As of last week, all Baltimore City employees are required to receive at least one dose of the COVID-19 vaccine or get weekly COVID-19 tests if they want to continue working for the city. Reflecting a troubling national trend that perpetuates the ongoing public health crisis under the guise of “freedom,” Baltimore City’s police union is speaking out against Baltimore Mayor Brandon Scott’s vaccination mandate.
Organized opposition to vaccination mandates for Baltimore police emerged back in August when Baltimore City’s Fraternal Order of Police (FOP3) and the Baltimore City firefighters’ unions released a joint statement responding to Mayor Scott’s policy.
“It is our desire to remain engaged in collective bargaining over the implementation of this policy,” the Aug. 31 statement said. “We look forward to working amicably with members of Mayor Scott’s administration to ensure this policy and its associated procedures are implemented fairly and equitably while protecting our member’s [sic] personal concern and autonomy.”
The police union’s stance has not eased since then. Earlier this month, FOP3 President Mike Mancuso encouraged police officers not to reveal their vaccination status to the city and continued the argument that this was about workers’ rights.
“Until the city responds to our right to bargain these issues, or the courts intervene, I suggest you do nothing in regard to revealing your vaccination status as it is outlined in the city’s policy,” Mancuso wrote to police union members. “Obviously, this is an individual choice on how each of you handles this situation. Whatever choice you make FOP3 and I will be there to support you in your decision.”
Protesting vaccines to prop up police power
Police unions around the country have been fighting vaccination mandates. On Monday, Oct. 25, the New York Police Department union, the Police Benevolent Association of New York, sued the city over its mandate, which says that by Friday, Oct. 29, all of New York City’s workers (including police and firefighters) are required to have at least one dose of the COVID-19 vaccine.
The same day the NYPD union’s lawsuit was filed, a few thousand workers—including a large number of police—marched over the Brooklyn Bridge in protest, recalling the infamous 1992 NYPD “cop riot.” Among a sea of American flags were a few “Don’t Tread On Me” flags as the group of cops and anti-vaxxers shouted, “We will not comply.” One sign among the crowd read, “Workers are Essential, Mandates are Not.”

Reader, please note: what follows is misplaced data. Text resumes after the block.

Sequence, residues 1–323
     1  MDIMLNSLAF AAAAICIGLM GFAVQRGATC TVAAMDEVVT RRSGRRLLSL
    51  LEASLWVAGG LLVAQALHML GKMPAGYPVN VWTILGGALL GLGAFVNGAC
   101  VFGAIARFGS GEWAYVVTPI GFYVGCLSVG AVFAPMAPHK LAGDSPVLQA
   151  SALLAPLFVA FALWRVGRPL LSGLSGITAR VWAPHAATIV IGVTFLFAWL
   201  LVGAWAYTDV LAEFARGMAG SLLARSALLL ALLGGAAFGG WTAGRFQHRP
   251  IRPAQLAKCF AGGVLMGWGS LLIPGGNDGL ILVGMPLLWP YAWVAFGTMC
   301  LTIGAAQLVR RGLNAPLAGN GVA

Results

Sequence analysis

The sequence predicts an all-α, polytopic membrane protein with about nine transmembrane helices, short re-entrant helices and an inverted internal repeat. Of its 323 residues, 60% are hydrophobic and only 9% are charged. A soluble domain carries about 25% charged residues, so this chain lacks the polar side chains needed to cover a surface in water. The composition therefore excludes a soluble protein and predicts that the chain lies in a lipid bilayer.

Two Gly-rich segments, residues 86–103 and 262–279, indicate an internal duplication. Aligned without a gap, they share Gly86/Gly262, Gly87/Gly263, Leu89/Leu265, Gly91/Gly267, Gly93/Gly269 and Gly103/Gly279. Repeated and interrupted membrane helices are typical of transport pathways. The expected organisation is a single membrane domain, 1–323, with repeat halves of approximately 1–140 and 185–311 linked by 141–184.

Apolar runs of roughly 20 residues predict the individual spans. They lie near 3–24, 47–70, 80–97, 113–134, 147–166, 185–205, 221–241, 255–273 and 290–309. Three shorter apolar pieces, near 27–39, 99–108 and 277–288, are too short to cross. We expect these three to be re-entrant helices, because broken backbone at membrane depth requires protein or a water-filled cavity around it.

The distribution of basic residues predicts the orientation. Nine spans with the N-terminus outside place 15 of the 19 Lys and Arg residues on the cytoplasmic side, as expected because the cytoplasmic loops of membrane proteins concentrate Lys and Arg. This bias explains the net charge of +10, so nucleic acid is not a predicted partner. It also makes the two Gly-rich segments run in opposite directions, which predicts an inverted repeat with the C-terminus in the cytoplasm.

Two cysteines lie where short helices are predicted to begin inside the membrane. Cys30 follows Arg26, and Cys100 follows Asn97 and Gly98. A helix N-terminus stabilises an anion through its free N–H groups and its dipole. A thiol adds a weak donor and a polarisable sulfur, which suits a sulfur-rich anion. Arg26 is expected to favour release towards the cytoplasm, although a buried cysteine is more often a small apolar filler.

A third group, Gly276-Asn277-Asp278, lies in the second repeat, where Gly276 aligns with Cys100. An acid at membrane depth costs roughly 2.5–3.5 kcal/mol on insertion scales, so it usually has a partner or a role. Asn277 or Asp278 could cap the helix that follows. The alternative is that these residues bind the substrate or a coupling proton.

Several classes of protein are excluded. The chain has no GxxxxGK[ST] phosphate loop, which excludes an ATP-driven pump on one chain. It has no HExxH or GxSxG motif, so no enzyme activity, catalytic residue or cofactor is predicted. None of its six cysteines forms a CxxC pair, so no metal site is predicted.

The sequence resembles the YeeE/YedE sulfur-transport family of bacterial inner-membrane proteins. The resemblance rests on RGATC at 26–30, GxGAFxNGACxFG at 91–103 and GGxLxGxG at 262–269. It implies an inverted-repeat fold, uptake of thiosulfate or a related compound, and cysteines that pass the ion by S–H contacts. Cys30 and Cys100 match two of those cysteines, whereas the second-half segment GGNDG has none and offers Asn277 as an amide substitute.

Politicians such as Maryland’s Gov. Larry Hogan have falsely claimed police officers are “under attack” and being “defunded.” But elected officials’ inability to get police to vaccinate themselves so that they don’t spread a deadly disease to a populace they interact with daily is evidence of just how much power police officers actually wield. In Portland, for example, police were simply exempted from a vaccination mandate that applied to all other city workers.
“We’ve heard this story before,” Esther Wang wrote in The New Republic earlier this month. “After a year of protests and calls to defund the police, law enforcement officials and police unions repeated on loop that demoralized cops were leaving their jobs en masse, a narrative, coupled with misleading crime statistics and laundered through media outlets, that served only to prop up the punitive power of the police. The refusal to abide by vaccine mandates should be seen as yet another attempt to entrench police authority.”
There has long been a debate regarding whether or not law enforcement should be considered “workers” at all. Kristian Williams argues in the 2004 book Our Enemies in Blue: Police and Power in America that “police unions aren’t unions” because they “mostly reflect the interests of the institution (the police department) rather than those of the working class.” In answer to labor’s enduring question “Which side are you on?,” it’s worth remembering that police have historically been the ones arresting striking workers and protecting passage of scab workers across picket lines.
“Police associations provide a stronghold for the most reactionary aspects of the profession—elements that the command hierarchy is often at pains to disavow,” William writes. “When the police command cannot, for legal or political reasons, resist demands for civilian oversight, for more diversity in the department, or for redress in particular cases, the union can defend the departmental status quo.”